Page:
Bible Text: Luke 13:1-9 | Preacher: Reverend Bruce Kemp, Reverend Bruce W. Kemp The Significance of Three – Luke 13:1-9 Oftentimes we may believe that numbers in the Bible and in other parts of our life are a random thing. We may take the numbers of things as purely coincidental and attach no real meaning to them. But numbers are not as random as we might think. From the beginning of time, numbers have played a significant role. Whether we interpret the creation of the world in 6 days with the seventh as a day of rest in the strictest of terms or whether we understand it to represent major geological periods in which we humans have appeared in the latter stages as determined by science, it is clear that the number 7 has become for us as a sign from God that we are to take one day every 7 as a time for reflection and renewal, for rest from our daily work. From time immemorial, our calendars have revolved on a 7 day pattern. For the Jewish people it is celebrated as a Sabbath rest on Saturday; we take Sunday as our Sabbath rest believing that the Day of Resurrection is to be the day. And so we order our lives engaging in our daily round of work and/or school for 5 days in our time with a day of recreation and a day for worship and renewal. Of course in our modern age, there are many people for whom Sunday is a difficult day to take. But whether we can take the whole day and join with other believers to celebrate and worship, we are reminded to take a day of rest. It is not always clearly stated that Jesus time in prayer apart from the disciples was always on a Sabbath. But he regularly took time for reflection and strengthening of mind, body and spirit. And so 7 is one of the four perfect numbers as we find them in Scripture. It marks spiritual perfection for as we go through the steps of our life, we find we are completing a circle. That circle helps to centre us and we are blessed with the presence of God wherever we go and whatever we do. The other numbers are 10 which marks ordinal perfection, 12 which marks a perfection in rule and the number which we will focus on today – 3 which marks divine perfection. Interestingly enough, the number 3 occurs 467 times in the Bible. Some of the more significant occurrences in the Old Testament can be seen in the number of the patriarchs of the people before the Exodus: Abraham, Isaac and Jacob – who was later to be known as Israel. There are 39 books comprising the Old Testament and 27 in the New Testament. Coincidence or intention!! Some other interesting facts about the number 3: Jesus faces three temptations; three disciples witness the transfiguration in which 3 significant deliverers of the people appear; Jesus ministry covers a period of 3 years; Peter denies Christ 3 times and in the Gospel of John he reaffirms his faith 3 times; he prays 3 times in the Garden of Gethsemane that he may not have to drink the cup; Jesus is placed on the cross at the 3rd hour of the day and dies at the 9th hour; during that time there were 3 hours of darkness that covered the land from the 6th to the 9th hour; Jesus rose from the dead after 3 days; Jesus enfolds within him the ancient role of prophet, the role of priest and the role of king – for Jesus is to be seen as the lord of our minds, bodies and spirits. The people of God in the Old Testament celebrated 3 great periods in the year: Passover and the Days of Unleavened Bread in the Spring; Pentecost in the Summer; Feast of Trumpets, Atonement and Feast of Tabernacles in the Fall. We celebrate Advent, Christmas and Epiphany; Lent and Easter; and Pentecost. Perhaps that seems like 7 but whether we count them as 3 major or seven minor, it remains that we celebrate divine and spiritual perfection in the circle of our years. In our communion services we say together: Holy, Holy, Holy, holy is the Lord of hosts. Three times I repeat the phrase Lamb of God who takes away the sins of the world. Yet none of these things is by accident – there is intention in all of these actions and words. Even the very intentional signing of the cross which is practised by many Christian communities is a triad. The first is an acknowledgment of God as the Father, the second is an acknowledgment of God as the Son, and the third is an acknowledgment of God as the Spirit. By it we are reminded that our creation, our redemption and our sustained life in this place are all under the eye and hand of God. By it we remember and bring to our minds what is most real, most essential, most substantial and most complete. And so in thought, word and action we find the sum of our humanity and our relationship to God and one another. And while all that is well and good, what does this tell us of the three years of the poor fig tree in Jesus’ parable as recorded in Luke. Interestingly enough, it is believed that patience is needed for a fig to grow to maturity and produce fruit. In fact that is the case for many of our fruit trees. And so for three years the vinedresser has been tending the fig tree, nurturing it and waiting patiently for it to bear fruit. But the owner has grown impatient. He expected instant results. He expected that the tree should show itself useful and productive or the space be surrendered to something that would bear fruit. The vinedresser asks for one more year – a fourth year. During that time, the vinedresser will add manure, dig around the roots to allow more nutrients to penetrate the soil in the hope that the tree will bear fruit. Years ago I was a spiritual leader on a weekend retreat called Cursillo. Cursillo was simply a Spanish word for short course. People would spend three days in prayer, study and group reflection in an intentional review of the Christian message but in such a way as to draw together all the parts and enable people to see the full picture. But no great fruit was expected during those three days. They were a time for challenge and reflection. The fourth day became the moment of decision. That was the day when you returned to the family, the place from which you had come. And just as the vinedresser was patient with the fig tree for three years, we would be patient for 3 days with those who had committed themselves to this time of study. On the fourth day, we heard their commitments; we heard what the three days had meant to them; how they had been touched by God and had grown in their faith. But for those who experienced that time, there was no fifth day or sixth day or seventh day for every day became a fourth day. They had come to understand that the three days of their study and retreat were for them the foundation upon which every day they would live thereafter would flow from. And so the number three holds great significance but a number that does not even factor greatly in the history of the Bible is significant in its own way for it is with the presence, the nurture, the love of God the Father, God the Son and God the Holy Spirit that we can live and continue to live our fourth day. Remember that the disciples of Jesus only began to truly understand and live their faith in God as revealed in Jesus Christ on the day after the resurrection – on their fourth day. So let us take this time in Lent to reflect on the mystery of the Trinity and give thanks that as the fig tree was given a fourth year to bear fruit we may bear fruit for God as we live our fourth days in this the time God has given to us!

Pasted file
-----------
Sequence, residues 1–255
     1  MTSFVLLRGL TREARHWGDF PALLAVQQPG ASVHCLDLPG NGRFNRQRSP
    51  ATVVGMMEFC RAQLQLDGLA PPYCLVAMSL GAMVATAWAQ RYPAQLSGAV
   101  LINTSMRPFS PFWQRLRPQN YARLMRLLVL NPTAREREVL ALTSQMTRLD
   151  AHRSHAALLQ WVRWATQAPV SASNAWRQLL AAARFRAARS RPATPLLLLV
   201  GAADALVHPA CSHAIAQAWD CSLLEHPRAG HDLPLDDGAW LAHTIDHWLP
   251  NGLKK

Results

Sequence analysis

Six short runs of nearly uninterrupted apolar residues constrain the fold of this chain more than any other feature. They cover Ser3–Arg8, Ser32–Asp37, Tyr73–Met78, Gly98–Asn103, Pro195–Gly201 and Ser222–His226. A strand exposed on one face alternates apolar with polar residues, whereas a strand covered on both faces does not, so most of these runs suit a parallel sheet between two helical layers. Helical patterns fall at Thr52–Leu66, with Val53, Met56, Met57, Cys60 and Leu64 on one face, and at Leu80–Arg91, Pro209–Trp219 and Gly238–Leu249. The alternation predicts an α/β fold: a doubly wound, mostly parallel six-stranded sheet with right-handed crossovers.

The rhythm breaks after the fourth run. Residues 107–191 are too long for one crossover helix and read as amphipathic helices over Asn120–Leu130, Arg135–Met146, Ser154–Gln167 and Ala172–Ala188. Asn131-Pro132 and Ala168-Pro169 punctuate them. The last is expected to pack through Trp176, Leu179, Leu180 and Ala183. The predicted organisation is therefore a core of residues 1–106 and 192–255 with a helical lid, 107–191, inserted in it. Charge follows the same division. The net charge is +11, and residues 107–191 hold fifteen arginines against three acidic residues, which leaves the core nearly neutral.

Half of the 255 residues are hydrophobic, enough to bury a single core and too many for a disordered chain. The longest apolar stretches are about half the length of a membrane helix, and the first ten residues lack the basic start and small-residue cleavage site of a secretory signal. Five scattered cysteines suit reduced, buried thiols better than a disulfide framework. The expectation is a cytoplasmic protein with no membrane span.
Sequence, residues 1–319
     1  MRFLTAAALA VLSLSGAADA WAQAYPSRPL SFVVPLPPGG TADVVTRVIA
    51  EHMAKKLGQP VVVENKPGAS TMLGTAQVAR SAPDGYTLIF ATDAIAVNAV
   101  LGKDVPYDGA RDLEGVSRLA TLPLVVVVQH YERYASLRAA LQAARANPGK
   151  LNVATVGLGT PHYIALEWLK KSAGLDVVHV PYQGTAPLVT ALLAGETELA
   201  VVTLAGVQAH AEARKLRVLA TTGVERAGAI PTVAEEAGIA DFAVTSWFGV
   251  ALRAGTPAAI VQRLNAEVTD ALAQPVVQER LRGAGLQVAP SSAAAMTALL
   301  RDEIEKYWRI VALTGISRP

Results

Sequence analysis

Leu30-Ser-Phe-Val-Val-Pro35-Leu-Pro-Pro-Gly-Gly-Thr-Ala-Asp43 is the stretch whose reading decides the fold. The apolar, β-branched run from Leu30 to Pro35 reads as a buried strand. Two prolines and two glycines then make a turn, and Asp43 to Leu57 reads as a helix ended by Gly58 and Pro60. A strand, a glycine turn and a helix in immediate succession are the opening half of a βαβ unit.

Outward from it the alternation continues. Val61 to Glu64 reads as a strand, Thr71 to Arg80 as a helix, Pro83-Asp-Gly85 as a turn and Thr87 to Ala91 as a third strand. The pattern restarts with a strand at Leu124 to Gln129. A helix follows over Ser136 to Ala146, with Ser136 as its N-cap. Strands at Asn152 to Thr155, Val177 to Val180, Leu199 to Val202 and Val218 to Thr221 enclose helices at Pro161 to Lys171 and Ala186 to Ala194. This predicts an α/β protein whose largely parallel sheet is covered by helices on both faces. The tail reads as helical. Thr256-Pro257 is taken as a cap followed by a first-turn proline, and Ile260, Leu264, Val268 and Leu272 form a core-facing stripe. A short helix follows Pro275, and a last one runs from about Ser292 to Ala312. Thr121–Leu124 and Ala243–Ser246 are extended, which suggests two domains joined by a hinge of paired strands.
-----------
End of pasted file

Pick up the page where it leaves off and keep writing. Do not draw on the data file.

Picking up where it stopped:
Bible Text: Genesis 15: 1-12, 17-18 and Philippians 3:17-4:1 | Preacher: Rev. Bruce W. Kemp Healing the Breaches – Philippians 3:17-4:1 Last week was the first Sunday in Lent and a traditional time to reflect on the personal and yet communal struggle of our Lord as he dealt with the temptations of life as a creation of God. Each of the temptations plumbed the depths of our most basic desires as humans and each temptation was answered with a strength of mind and spirit that exceeded anything we could even imagine. The purpose of such testing was to ensure that the frailty of our humanity could be saved by the divine heart and spirit of God as found in Jesus Christ. In such a perfect union of God and human creation, God could draw us into a relationship that would not only enable us to better handle the temptations of this world but enable us to know the love and support of God for our lives both now and into eternity. As much as the plan of God was for us to share this world with him in perfect peace and harmony, his heart would not allow him to force us to accept that plan. And so as we read through the history of the people of God, we discover over and over how God seeks to share his vision for life and how each successive generation responds. Our Old Testament reading today speaks of one of the responses that Abraham – then known as Abram – made. He knew that he was old and that his wife had had no luck with having a child. And yet when God told him that he would have a son of his own and that his descendants would be as numerous as the stars in the sky, it is recorded that he believed the word of God and that it was counted to him as righteousness. As hard as it was for him to accept, he made a choice to believe. Of course he still had his doubts and his struggles; and though other responses of Abraham were not so wise and he didn’t always act in the most righteous of ways, he never lost faith in the God who had called him to leave his birthplace. The Apostle Paul was well aware of the doubts and struggles of those who had felt the call of God and had committed their lives to following the will and plan of God. He knew well enough how important it was for people to have not only a proper understanding of their relationship to God but also a proper attitude. He knew full well the challenges of living as a follower of Christ but he also knew full well the consequences of not living as a follower of Christ. Paul’s invitation to the people to imitate him is significant for he was asking the people to not just do as he said; but to do as he did. It is so easy to speak words of encouragement and then not actively encourage; to speak words of comfort but not actively comfort; to speak words of peace but not bring peace. The people needed to be reminded that they had come to faith in God through Jesus Christ not that they might build their kingdom but that they might build the kingdom of God; they were to remain keenly aware that they were to follow the path of God in Christ. And as a fellowship of believers each of them was to remember that the focus of their life was not their own glory or praise but the glory and praise of God. Conflicts in the church are nothing new. Differences of opinion and thought have ever been a part of faith for it is foolishness to believe that we will all see everything with one heart and one mind. There is a great temptation for people to try and mould any community of faith into a reflection of their own desires and hopes and not that of God. William Barclay in his Daily Study Guide on this passage reminds us that “our only safety against temptation [be it of body, mind or spirit] is to be in the Lord, always to remember him, always to walk with him, always to feel his presence around us and about us…..The Church and the individual Christian can only stand fast when they stand in Christ”. (Commentary on Philippians, p. 88) That wonderful catch phrase that gained such popularity WWJD – like any catch phrase – only holds ultimate and real meaning to those who not only ask the question but are prepared to hear and follow the answer. Certainly we are free to decide the path we desire to take through this life; we are free to love or to hate; we are free to be generous or selfish; we are free to enter into a relationship of mutual love and friendship with God and with each other or to see God as someone to call upon in time of need. But let us ever remember that to be called Christians will require of us not our own perfection but our desire to be led by the Spirit of the One who can ultimately bring us to perfection. As we approach the table of the Lord, let us remember that we come to remember the sacrifice he made for us and because we seek to deepen our relationship with God in every way. And let us ever be willing to share with all who come to this place not only the blessings of this sacrament but the blessing of living as a community of God’s people gathered to share our joys and sorrows, our hopes and our disappointments in communion with one another as we journey in faith.